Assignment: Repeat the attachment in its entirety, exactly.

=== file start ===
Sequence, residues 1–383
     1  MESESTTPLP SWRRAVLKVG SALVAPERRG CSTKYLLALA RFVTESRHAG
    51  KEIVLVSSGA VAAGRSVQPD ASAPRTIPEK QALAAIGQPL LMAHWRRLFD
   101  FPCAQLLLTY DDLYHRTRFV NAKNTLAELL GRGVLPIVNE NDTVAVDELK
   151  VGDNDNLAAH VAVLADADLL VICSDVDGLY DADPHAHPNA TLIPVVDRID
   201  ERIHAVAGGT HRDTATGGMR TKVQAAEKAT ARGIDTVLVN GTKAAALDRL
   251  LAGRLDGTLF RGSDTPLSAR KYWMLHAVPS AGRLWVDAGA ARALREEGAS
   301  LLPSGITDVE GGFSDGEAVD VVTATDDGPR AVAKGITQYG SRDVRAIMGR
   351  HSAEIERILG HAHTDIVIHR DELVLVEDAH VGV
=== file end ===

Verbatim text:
Sequence, residues 1–383
     1  MESESTTPLP SWRRAVLKVG SALVAPERRG CSTKYLLALA RFVTESRHAG
    51  KEIVLVSSGA VAAGRSVQPD ASAPRTIPEK QALAAIGQPL LMAHWRRLFD
   101  FPCAQLLLTY DDLYHRTRFV NAKNTLAELL GRGVLPIVNE NDTVAVDELK
   151  VGDNDNLAAH VAVLADADLL VICSDVDGLY DADPHAHPNA TLIPVVDRID
   201  ERIHAVAGGT HRDTATGGMR TKVQAAEKAT ARGIDTVLVN GTKAAALDRL
   251  LAGRLDGTLF RGSDTPLSAR KYWMLHAVPS AGRLWVDAGA ARALREEGAS
   301  LLPSGITDVE GGFSDGEAVD VVTATDDGPR AVAKGITQYG SRDVRAIMGR
   351  HSAEIERILG HAHTDIVIHR DELVLVEDAH VGV